No Man’s Land
So, where were we? Oh yes, I remember, we were just about to cross over the border between Bulgaria and Turkey.
We’d had our passports stamped and were now beginning the walk into the abyss. We could see the Turkish border in the far distance but getting to it wasn’t as straight forward as we’d hoped. For a start it appears that no one wants to pay the electricity bill for a piece of land that isn’t theirs. Once we’d left the Bulgarian border behind we were pitched into complete darkness. The only sounds being the rumbling of suitcase wheels as they dragged along half the contents of the unmade road, along with hushed swearing whenever a suitcase came to a complete halt. And who knew what was waiting out there in the darkness? Bears? Hell hounds? More little itty bitty kitties?
Please Let Us In
Finally we got to the Turkish border gate where we were greeted by six people, at least four of whom had just come along for the entertainment. We stood outside a small portacabin in semi darkness while our passports were taken away for checking. Now, without passports, shrouded in darkness, and with six strapping Turks starring at us we couldn’t help but wonder if being Dimitris’ dinner might have been the less painful option.
But again, imaginations were more active than reality and after they’d put our information into their database (height, weight, would we taste better with red or white wine?), made us sign a form agreeing to self isolate for fourteen days and double checked our Residency Permits were still valid we were free to go. Well almost…suddenly there was a shout behind us. We turned. A border guard was running towards us with a gun. What! Wait! Tell my mum I love her. Oh no, hang on, it’s just the temperature checker thingy. Phew. We passed the test so now we really could go.
Finally, we’d made it, back to the country we chose to call home, the smell of fresh bread and the sound of çay glasses clinking now just a heartbeat away. If we’d had the energy it would have been heel kick jumps all round.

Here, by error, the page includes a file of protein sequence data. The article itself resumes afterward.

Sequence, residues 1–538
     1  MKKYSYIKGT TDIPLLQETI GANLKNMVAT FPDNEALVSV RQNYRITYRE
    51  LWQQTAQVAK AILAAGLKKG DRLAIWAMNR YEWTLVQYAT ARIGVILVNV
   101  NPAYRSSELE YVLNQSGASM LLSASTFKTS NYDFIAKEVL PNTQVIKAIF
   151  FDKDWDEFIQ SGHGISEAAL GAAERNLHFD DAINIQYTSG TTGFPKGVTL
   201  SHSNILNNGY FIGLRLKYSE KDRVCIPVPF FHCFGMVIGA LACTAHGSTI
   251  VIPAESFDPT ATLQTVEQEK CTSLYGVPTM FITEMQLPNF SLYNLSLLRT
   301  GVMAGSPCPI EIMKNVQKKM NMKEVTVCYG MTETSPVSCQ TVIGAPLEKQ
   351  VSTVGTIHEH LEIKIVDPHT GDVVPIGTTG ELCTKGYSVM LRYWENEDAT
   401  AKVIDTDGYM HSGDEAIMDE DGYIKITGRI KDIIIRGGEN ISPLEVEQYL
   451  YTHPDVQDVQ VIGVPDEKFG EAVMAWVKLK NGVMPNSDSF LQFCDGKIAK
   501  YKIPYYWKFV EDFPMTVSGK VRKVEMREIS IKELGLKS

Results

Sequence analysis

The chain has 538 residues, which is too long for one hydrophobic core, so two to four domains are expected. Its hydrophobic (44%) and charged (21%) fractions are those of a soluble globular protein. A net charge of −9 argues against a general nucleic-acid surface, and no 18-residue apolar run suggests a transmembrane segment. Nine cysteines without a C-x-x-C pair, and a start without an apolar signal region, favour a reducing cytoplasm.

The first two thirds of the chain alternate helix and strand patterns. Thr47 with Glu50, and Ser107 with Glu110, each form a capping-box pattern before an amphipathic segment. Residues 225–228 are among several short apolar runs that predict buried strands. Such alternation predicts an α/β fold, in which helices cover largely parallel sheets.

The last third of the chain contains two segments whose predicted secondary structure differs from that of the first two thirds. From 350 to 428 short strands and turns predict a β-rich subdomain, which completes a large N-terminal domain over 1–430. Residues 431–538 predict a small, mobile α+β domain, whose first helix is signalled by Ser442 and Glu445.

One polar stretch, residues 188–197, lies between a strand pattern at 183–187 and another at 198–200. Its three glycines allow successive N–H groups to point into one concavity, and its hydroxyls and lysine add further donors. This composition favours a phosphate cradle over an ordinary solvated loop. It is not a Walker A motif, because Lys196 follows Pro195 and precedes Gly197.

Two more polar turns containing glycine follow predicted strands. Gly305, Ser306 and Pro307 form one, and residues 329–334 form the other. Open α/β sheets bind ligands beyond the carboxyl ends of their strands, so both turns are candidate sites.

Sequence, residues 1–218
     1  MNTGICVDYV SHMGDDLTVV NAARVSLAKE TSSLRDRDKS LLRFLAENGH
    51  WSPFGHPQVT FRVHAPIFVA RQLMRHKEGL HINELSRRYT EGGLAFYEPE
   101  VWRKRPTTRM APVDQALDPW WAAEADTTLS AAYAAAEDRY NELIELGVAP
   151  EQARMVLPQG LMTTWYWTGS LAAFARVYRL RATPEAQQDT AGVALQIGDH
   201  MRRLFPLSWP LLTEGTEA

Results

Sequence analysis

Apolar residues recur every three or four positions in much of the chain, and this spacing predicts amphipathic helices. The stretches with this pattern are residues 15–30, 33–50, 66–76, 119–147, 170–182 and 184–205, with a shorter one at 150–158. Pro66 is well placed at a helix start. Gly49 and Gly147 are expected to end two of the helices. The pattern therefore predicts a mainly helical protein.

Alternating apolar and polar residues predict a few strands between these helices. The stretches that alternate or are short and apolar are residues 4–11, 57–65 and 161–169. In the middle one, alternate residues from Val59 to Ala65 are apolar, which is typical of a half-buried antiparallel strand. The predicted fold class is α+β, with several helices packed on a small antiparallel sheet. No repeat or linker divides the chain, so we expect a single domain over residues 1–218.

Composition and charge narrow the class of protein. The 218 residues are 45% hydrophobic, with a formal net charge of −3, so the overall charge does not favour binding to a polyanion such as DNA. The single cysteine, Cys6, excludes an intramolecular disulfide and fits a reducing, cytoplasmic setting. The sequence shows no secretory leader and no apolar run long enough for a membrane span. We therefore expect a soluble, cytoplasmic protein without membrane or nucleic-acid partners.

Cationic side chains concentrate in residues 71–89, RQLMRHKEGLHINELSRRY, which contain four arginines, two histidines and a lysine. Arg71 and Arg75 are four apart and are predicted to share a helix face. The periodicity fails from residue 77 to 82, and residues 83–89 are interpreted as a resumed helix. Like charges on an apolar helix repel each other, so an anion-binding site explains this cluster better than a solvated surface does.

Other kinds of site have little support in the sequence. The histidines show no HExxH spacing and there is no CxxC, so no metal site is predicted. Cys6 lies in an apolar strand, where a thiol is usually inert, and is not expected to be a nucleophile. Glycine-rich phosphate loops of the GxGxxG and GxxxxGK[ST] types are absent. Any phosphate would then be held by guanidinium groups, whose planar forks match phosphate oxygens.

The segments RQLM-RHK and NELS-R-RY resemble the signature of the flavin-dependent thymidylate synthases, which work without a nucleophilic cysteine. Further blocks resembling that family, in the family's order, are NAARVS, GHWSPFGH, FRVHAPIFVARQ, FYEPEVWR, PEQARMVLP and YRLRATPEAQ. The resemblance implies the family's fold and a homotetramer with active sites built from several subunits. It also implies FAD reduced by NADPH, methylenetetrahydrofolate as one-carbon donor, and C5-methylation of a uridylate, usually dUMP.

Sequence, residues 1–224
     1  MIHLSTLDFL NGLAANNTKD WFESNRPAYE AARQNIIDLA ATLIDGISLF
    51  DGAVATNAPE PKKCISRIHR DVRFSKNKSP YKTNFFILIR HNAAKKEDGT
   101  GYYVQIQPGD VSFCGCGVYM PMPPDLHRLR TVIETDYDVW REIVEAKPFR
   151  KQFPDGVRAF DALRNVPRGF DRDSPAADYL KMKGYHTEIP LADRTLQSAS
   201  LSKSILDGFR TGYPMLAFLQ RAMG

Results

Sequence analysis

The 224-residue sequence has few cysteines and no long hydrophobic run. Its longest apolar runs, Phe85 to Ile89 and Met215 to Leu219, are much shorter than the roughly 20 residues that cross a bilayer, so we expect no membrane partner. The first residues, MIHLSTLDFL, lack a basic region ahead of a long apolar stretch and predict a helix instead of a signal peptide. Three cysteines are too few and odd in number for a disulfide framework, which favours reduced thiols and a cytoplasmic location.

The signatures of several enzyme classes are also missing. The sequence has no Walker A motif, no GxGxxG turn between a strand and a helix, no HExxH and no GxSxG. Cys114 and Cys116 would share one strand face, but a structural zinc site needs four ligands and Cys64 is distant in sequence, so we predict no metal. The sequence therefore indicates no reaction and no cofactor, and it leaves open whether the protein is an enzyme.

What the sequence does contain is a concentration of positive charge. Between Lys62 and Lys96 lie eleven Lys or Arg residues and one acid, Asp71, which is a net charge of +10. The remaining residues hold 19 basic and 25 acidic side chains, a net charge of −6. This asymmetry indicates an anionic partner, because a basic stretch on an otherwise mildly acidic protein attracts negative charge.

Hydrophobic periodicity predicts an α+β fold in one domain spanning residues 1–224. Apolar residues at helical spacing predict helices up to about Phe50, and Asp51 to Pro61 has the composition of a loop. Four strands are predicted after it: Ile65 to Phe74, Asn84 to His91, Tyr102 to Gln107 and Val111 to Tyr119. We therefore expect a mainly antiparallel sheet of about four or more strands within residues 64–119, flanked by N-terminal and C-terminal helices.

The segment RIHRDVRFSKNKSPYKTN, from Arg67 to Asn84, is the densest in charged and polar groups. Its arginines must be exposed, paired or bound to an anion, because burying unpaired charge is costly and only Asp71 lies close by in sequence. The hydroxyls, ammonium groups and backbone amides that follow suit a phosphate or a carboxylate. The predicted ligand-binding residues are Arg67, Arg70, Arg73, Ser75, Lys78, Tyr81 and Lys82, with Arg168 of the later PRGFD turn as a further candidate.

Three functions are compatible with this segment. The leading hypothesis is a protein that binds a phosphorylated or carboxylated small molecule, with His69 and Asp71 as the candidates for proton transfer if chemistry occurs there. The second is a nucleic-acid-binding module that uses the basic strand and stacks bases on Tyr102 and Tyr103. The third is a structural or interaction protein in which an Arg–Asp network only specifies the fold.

An optimistic taxi driver approached us hoping for an easy fare. However he showed amazing agility at moving backwards when we mentioned Fethiye. Luckily for us though, we already had a pre booked transfer waiting. Our new driver, Metin, had already been there for over seven hours, catching up on his sleep before his mammoth drive. You could tell we had arrived in Turkey as he insisted we wore masks and virtually bathed us in lemon cologne before we were allowed in the car which was probably a good thing as we had all started to smell a bit ripe by this time.
Ahead of us loomed nearly sixteen hours in a people carrier. Frequent stops were made for çay, a smoke and loo breaks. We all managed to get a bit of shut eye, apart from Metin (I hope) after we’d played an imaginative game of human Jenga – limbs were over here, under there, against this box, on that suitcase, anywhere where there was a gap and if one moved we all moved.
We had a pleasant reprieve and a chance of a bit of fresh air while we waited for the ferry to take us over to Çannakale. Perfectly timed to witness a gorgeous sunrise.
Then it was on the ferry, stay in the car, off the ferry all in the space of fifteen minutes. One traveller also took the chance to do a Covid test seeing as one of the other’s had kindly brought some along. I can’t remember now if it showed one or two lines – either way his test result was clear or he might have been pregnant, still not sure which.
Food Glorious Food
Many hours later, outside Izmir, we stopped for a bite to eat at a roadside cafe – you know the type; trucks thundering past, amazing views of the coastline, tables teetering on the edge of a huge drop, toilets that looked like they might give you another virus you’d have a hard time explaining to your partner. But it was wonderful, our first real taste of being back – Turkish breakfasts and gözleme all round. We marvelled at how far we’d come, how, despite being strangers, we’d not had any falling outs, how close we were to being back home, all while Metin had another snooze to give him the energy for the remainder of the drive.
We soon found ourselves arriving in Izmir, the destination of our first drop off and then the countdown to Fethiye began. Within hours we had completed the second drop off in Muğla then it was the home straight. Maps were being checked every few minutes, time of arrival announced even more frequently.
Then the sights started to become familiar – the turn off for Dalaman Airport, the Göcek Tunnel, the view of the sea on our right, and the one that made my eyes leak – cresting over the hill and seeing Fethiye laid out in front of me.
Home Sweet Home
Twenty minutes later the car pulled up in front of my apartment. I said my final farewells. I opened my front door and there was my dog ready to dish out excitable sloppy kisses. I was home. At last. It was over.
A Final Thank You
I’d just like to finish off by saying a huge thank you to Janet and Julio who worked so very hard to try and organise the flight to get over a hundred of us back to our homes. Even when that failed they didn’t give up and went ahead and tried this virtually untested route, not knowing if it would be a success or not – and of course, they brought me along. Even now, whilst they are safely back in the bosom of their families, they are still helping people get here – total legends.
I am in awe.
This article was written for Fethiye Times by Sian Midgley
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